Reconnecting the Penobscot River with the Gulf of Maine for the first time in generations: Veazie Dam Breaching and Commemoration on Maine’s Penobscot River
Eddington and Veazie, Maine, July 12, 2013 /3BL Media / – On Monday, July 22, contractors will begin to remove the Veazie Dam from Maine’s Penobscot River, reconnecting the river with the Gulf of Maine for the first time in nearly two centuries. The 830-foot long, buttress-style Veazie Dam spans the Penobscot River at a maximum height of approximately 30 feet, with an impoundment stretching 3.8 miles.
Breaching the Veazie Dam—the dam closest to the sea— marks a monumental step in the Penobscot River Restoration Project, among the largest river restoration projects in our nation’s history. Combined with Great Works Dam removal in 2012 and additional fish passage improvements at dams in the upper watershed, the Veazie Dam removal is a key component of the historic effort to greatly improve access to 1000 miles of spawning, rearing, and nursery habitat for endangered Atlantic salmon, American shad and river herring, and benefits the entire suite of native sea-run fish. Once removed, endangered shortnose sturgeon, threatened Atlantic sturgeon, striped bass, rainbow smelt and tomcod will be able to access 100% of their historic habitat.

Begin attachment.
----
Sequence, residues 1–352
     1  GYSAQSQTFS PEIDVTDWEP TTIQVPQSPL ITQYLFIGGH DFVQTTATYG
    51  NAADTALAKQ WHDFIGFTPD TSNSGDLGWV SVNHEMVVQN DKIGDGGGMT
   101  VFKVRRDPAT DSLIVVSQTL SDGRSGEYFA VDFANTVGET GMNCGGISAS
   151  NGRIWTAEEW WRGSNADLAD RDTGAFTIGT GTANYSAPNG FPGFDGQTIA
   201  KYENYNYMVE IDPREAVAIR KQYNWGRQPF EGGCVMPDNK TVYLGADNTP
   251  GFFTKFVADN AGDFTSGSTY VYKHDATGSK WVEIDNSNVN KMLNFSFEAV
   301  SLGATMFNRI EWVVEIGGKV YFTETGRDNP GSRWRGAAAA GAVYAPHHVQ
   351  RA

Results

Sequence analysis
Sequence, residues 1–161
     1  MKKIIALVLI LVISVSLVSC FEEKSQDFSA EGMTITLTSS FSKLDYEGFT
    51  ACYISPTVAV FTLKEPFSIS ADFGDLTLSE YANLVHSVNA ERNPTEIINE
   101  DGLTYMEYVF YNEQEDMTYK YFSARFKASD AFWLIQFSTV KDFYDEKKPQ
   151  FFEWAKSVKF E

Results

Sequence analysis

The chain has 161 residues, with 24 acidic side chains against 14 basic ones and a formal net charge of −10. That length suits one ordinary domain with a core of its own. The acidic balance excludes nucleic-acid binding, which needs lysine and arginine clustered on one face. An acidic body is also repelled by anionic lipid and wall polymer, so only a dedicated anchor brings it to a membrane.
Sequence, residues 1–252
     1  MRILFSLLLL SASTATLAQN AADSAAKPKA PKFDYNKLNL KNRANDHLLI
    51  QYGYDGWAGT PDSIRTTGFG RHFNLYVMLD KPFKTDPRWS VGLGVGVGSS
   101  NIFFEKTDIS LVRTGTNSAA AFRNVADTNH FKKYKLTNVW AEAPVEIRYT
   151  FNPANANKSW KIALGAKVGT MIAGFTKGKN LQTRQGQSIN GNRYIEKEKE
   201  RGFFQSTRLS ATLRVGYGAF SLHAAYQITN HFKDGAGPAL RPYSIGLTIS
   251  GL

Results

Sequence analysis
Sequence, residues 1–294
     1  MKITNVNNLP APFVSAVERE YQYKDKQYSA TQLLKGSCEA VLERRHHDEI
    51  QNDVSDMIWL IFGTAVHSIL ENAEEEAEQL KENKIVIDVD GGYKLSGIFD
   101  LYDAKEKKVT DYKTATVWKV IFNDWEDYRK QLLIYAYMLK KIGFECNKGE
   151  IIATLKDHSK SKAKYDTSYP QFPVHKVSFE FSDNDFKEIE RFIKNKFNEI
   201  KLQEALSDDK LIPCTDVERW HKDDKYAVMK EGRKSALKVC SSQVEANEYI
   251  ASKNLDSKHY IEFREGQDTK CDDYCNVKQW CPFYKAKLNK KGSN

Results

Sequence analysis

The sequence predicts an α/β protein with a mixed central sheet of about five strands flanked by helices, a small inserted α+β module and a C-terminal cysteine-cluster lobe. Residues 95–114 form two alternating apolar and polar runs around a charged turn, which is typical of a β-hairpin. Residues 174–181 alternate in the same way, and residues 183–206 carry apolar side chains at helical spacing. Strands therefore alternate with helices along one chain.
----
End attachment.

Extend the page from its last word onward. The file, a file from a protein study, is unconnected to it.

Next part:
Hailed for its collaborative approach, this unprecedented public-private partnership has been called a model for restoring fisheries while maintaining hydropower production and accomplishing large-scale ecological restoration. Reconnecting the river to the sea will revitalize cultural, recreational, ecological and economic opportunities for the region and beyond.
WHAT: Breaching of the Veazie Dam, preceded by a sacred ceremony led by a Penobscot Indian Nation elder and press conference with remarks from state and federal officials. This is a rare opportunity to witness the removal of a major dam for economic, environmental and cultural purposes, on the second largest river in New England.
WHEN: Monday, July 22, 2013
10:00 am Press Conference and Breaching of Dam
11:00 am – 7:00 pm Community Luncheon, Project Tours, Evening BBQ, & Penobscot River to Sea Concert and Celebration
WHERE: Eddington, Maine (morning press conference and activities) ; Veazie Riverview Park and Veazie Salmon Club, Veazie, Maine (evening event)